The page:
Blood clots are a serious issue, as they can be life threatening. According to the Centers for Disease Control and Prevention (CDC), an estimated
The CDC further estimates that 60,000 to 100,000 people die from this condition annually.
When a blood clot occurs in one of your veins, it’s called a venous thromboembolism (VTE). If you’re even slightly concerned you might have one, call your doctor right away. Symptoms of blood clots can vary. It’s also possible to have a blood clot with no symptoms.
Read on to learn about some of the symptoms that may indicate a blood clot.
A blood clot that shows up in one of the major veins in your body is called deep vein thrombosis (DVT). They’re most common in the legs or the hip region.
While the mere existence of a clot in your legs won’t harm you, the clot could break loose and travel to your lungs. This leads to a serious and potentially fatal condition known as pulmonary embolism.
Signs of a blood clot in your leg include:
These symptoms are especially indicative of a blood clot when they occur in only one leg. That’s because you’re more likely to have a clot in one leg as opposed to in both legs. There are some other conditions and factors that could explain these symptoms, however.
To help distinguish a potential blood clot from other causes, Thomas Maldonado, MD, vascular surgeon and medical director of the Venous Thromboembolic Center at NYU Langone Medical Center, offered some more detailed thoughts on what someone might feel if they have a blood clot.
For one, the pain might remind you of a severe muscle cramp or charley horse. If your leg is swollen, elevating or icing the leg won’t reduce the swelling if it’s a blood clot. If icing or putting your feet up makes the swelling go down, you may have a muscle injury.
With a blood clot, your leg may also feel warm as the clot worsens. You may even notice a slight reddish or bluish hue to your skin.
You shouldn’t worry about a clot if the leg pain is made worse with exercise but relieved by rest. That’s most likely a result of poor blood flow through the arteries rather than DVT, says Maldonado.
Blood clots can also form in veins that are closer to the skin, known as superficial venous thrombosis, and cause a syndrome called superficial thrombophlebitis.
These can be caused by injury to the skin, including having an intravenous (IV) line placed, or other risk factors similar to those causing a DVT. While superficial thrombophlebitis can be painful, these types of blood clots usually don’t travel to the lungs.
Your doctor will examine you and may use an ultrasound to differentiate between a superficial blood clot and a DVT.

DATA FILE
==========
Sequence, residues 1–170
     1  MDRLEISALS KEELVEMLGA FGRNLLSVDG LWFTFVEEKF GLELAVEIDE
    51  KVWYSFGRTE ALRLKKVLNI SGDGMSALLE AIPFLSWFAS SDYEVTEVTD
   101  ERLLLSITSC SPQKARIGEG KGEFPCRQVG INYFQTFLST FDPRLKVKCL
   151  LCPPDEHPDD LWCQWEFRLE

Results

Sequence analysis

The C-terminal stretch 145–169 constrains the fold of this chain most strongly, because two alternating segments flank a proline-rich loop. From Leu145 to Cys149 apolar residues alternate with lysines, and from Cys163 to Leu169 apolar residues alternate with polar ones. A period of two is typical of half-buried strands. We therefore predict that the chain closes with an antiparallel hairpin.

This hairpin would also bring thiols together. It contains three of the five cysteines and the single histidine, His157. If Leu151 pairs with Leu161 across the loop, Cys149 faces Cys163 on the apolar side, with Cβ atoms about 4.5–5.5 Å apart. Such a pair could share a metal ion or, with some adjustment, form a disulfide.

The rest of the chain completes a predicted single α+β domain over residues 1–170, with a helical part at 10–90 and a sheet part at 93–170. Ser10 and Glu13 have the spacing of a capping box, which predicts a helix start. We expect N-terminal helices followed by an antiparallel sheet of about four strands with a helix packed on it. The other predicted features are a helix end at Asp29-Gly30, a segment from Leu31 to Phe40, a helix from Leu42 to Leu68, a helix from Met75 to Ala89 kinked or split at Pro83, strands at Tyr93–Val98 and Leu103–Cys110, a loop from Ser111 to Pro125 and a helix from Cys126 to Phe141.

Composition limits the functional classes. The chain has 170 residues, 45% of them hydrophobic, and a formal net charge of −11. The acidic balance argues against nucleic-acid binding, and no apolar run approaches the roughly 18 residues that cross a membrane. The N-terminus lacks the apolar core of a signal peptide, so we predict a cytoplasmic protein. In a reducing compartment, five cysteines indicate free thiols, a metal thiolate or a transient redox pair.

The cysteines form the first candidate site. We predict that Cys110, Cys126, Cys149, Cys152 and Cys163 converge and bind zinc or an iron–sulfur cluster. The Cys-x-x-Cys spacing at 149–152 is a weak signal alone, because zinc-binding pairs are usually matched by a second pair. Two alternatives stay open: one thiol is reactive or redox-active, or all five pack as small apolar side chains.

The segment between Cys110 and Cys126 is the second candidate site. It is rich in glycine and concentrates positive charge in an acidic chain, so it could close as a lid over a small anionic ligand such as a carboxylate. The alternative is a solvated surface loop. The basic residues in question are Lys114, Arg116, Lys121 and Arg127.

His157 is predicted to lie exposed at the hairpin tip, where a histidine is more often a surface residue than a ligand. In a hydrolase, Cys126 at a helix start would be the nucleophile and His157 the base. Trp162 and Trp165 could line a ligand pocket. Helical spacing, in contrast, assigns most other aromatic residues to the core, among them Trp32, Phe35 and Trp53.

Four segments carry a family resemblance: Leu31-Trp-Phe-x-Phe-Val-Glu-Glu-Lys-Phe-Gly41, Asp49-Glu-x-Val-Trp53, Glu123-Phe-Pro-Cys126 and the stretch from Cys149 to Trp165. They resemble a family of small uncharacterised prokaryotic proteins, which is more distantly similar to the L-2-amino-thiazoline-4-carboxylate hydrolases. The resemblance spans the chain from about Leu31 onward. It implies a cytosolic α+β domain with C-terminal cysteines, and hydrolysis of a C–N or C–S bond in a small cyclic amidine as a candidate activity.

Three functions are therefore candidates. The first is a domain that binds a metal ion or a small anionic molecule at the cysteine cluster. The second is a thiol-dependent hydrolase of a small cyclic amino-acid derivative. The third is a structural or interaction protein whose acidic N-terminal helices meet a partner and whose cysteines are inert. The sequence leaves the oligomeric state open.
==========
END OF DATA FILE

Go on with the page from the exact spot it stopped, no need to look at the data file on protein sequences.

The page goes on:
Blood clots may be more common in the lower legs, but they can happen in other parts of your body, too. Where clots form and where they end up influence which symptoms you have and the consequences.
For example, when a blood clot forms in the arteries of the heart and blocks blood flow, it can cause a heart attack. Or, a blood clot could travel to your lungs and cause a pulmonary embolism. Both can be life threatening and have similar symptoms.
According to Maldonado, the chest pain that comes with a pulmonary embolism may feel like sharp pains that get worse with each breath. This pain may also be accompanied by:
A pain in your chest that feels more like an elephant is sitting on you may be a sign of a potential cardiac event, such as heart attack or angina. The pain that goes along with a potential heart attack may center on your chest.
If you’re sweaty or have what feels like indigestion along with chest pain, that’s more cause for concern of a heart attack, says Patrick Vaccaro, MD, MBA, director of the Division of Vascular Diseases and Surgery at Ohio State University’s Wexner Medical Center.
Both conditions are serious, and both warrant further immediate medical attention.
When a blood clot forms in one of the major veins that drain blood from your intestine, it’s called a mesenteric venous thrombosis.
A blood clot here can stop blood circulation of the intestine and cause internal damage in that area. Catching a clot in the abdomen early may lead to a better outlook.
Some people are more at risk for this type of clot than others, says Caroline Sullivan, nurse practitioner and assistant professor at Columbia University School of Nursing. This includes anyone with a condition that causes swelling of the tissues surrounding the veins, such as:
The symptoms of a clot in the abdomen may include abdominal pain, bloating, and vomiting. If the stomach pain gets worse after eating or worse over time, it’s more likely to be associated with a clot, says Sullivan.
This pain might be severe and seem like it’s coming out of nowhere. It’s not something you’re likely to have experienced before, says Vaccaro, who compares it to “some of the worst pain an individual can experience.”
The signs of a stroke include:
- weakness or numbness on one side of your body
- vision disturbances
- difficulty speaking clearly
- difficulty walking
- inability to think clearly
Unlike most of the other signs of blood clots, Vaccaro notes that you likely won’t feel pain with a stroke. “But there may be a headache,” he adds.
For more details of what having a blood clot might feel like, read some real stories from the National Blood Clot Alliance (NBCA) of people who have experienced one.
See your doctor if you think there’s even a small chance you could have a blood clot.
“The sooner the blood clot is diagnosed, the sooner treatment can be started and [the] chance of permanent harm can be reduced,” says Vaccaro.